YouTube: https://youtube.com/watch?v=3NYHycpgk6E
Previous: Weird Places: Mexico's Giant Crystal Cave
Next: World's Most Asked Questions: Ten of YOUR Most Asked Questions!

Categories

Statistics

View count:630,115
Likes:14,348
Dislikes:113
Comments:1,251
Duration:02:03
Uploaded:2014-11-04
Last sync:2018-11-15 20:50
Quick Questions explains what’s in those little packets you find in packaged food, bottles of pills, and leather goods, and why you should do what the label says and not eat them.

Hosted by: Michael Aranda
----------
Like SciShow? Want to help support us, and also get things to put on your walls, cover your torso and hold your liquids? Check out our awesome products over at DFTBA Records: http://dftba.com/collections/scishow

Or help support us by subscribing to our page on Subbable: https://subbable.com/scishow
----------
Looking for SciShow elsewhere on the internet?
Facebook: http://www.facebook.com/scishow
Twitter: http://www.twitter.com/scishow
Tumblr: http://scishow.tumblr.com

Thanks Tank Tumblr: http://thankstank.tumblr.com

Sources:
http://health.howstuffworks.com/human-body/systems/digestive/ate-silica-packet.htm
http://science.howstuffworks.com/innovation/science-questions/question206.htm
Here's something you maybe don't want to find in a package of food: a little mysterious package that says DO NOT EAT.
 
Soooo … if it’s not food, what’s it doing in the food?
 
Well, those packets contain desiccants, or materials that eliminate moisture, and you find them in all kind of products that would get ruined if they got wet -- this includes packaged foods, like dried meats; bottles of vitamins or other kinds of gelatin capsules; even leather products like purses and book bags.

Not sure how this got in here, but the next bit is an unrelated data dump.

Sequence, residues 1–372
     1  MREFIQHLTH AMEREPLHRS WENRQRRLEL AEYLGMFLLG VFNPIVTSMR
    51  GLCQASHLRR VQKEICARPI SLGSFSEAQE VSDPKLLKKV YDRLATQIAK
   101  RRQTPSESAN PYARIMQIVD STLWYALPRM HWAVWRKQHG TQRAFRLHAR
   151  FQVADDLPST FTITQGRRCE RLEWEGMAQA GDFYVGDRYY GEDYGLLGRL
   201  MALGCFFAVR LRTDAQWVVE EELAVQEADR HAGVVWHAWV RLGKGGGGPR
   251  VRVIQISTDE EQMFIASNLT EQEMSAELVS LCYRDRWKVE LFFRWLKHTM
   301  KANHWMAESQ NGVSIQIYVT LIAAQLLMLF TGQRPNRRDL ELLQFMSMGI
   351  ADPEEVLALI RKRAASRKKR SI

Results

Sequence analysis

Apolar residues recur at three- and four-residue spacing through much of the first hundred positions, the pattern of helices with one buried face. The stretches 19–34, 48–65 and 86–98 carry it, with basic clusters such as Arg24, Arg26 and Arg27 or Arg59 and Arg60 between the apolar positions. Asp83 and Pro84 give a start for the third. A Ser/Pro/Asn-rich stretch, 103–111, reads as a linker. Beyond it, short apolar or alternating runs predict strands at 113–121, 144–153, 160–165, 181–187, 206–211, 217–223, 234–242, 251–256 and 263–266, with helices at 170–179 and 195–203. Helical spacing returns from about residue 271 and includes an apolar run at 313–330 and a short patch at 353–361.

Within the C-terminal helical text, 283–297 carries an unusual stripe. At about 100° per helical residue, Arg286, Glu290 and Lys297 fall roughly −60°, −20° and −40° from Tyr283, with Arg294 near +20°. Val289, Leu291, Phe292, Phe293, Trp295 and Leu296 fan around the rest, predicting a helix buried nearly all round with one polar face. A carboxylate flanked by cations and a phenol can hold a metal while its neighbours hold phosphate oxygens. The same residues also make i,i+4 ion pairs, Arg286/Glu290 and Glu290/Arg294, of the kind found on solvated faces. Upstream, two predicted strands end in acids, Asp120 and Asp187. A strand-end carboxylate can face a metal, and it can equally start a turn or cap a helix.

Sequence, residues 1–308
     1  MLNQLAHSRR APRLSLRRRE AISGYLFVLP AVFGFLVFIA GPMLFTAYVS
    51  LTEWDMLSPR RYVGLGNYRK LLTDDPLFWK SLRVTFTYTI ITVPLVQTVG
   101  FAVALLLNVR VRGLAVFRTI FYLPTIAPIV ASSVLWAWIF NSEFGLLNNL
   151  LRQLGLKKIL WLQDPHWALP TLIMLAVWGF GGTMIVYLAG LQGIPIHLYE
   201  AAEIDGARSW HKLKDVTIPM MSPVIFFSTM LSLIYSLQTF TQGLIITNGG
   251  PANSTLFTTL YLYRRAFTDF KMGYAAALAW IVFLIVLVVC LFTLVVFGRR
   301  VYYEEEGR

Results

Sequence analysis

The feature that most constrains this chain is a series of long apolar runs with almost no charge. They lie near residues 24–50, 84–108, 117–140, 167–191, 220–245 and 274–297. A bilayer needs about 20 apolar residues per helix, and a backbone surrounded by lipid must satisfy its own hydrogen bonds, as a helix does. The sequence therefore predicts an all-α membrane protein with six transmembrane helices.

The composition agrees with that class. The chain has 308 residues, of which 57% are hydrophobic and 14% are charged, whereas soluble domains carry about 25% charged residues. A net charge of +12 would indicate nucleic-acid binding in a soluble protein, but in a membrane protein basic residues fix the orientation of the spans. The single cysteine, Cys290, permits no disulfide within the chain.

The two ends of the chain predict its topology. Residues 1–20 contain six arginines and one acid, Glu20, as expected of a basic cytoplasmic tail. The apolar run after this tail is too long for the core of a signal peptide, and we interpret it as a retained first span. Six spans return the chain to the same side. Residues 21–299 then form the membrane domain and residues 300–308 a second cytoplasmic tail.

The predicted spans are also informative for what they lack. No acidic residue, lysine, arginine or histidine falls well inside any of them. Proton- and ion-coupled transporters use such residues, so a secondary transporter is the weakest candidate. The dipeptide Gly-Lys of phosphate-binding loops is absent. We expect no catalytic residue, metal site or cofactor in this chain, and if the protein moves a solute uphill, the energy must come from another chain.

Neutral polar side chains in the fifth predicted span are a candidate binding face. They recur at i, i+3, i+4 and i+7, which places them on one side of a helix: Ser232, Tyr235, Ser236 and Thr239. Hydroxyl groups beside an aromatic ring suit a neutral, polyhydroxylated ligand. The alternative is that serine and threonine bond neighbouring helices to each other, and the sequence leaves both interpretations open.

Most of the time, the desiccants inside those packets are silica gel -- an artificial form of silicon dioxide, which is the same stuff that makes up sand and quartz.
 
And they deal with moisture in a pretty interesting way: through adsorption.
 
No; that’s not a typo. 
 
Absorption is when material permeates, or is drawn into, a substance -- like the way plant and animal cells, or the cells in a sponge, soak up water.
 
Adsorption, though, is when a material sticks to the surface of a substance. 
 
And those granules of silica gel are covered in tons of microscopic pores that attract and hold onto water molecules. And they do it so well that a single grain of the stuff can adsorb 40% of its weight in water. 
 
So, in the contained environment of your vitamin bottle or bag of pepperoni, water would rather be in the silica matrix than out in the food matrix, so that's where it goes, keeping the food nice and dry.
 
And if you're wondering why you shouldn't eat it...it's because it’s NOT FOOD! It’s like high-tech sand! Why would you want to eat that?
 
I mean if you tried, it wouldn’t kill you, but it would adsorb all of the moisture in your mouth, including your gums and tongue, causing so much discomfort that the Cinnamon Challenge would look like a great idea in comparison.
 
So, please, I implore you: Listen to the packet. DO NOT EAT! Just throw it away and enjoy your beef jerky or your leather purse or whatever.
 
Thanks to our friends on Tumblr for asking this question, and thanks to our Subbable subscribers who keep these answers coming!
 
If you have a quick question, let us know on Facebook or Twitter or in the comments below, and don’t forget to go to YouTube.com/scishow and subscribe!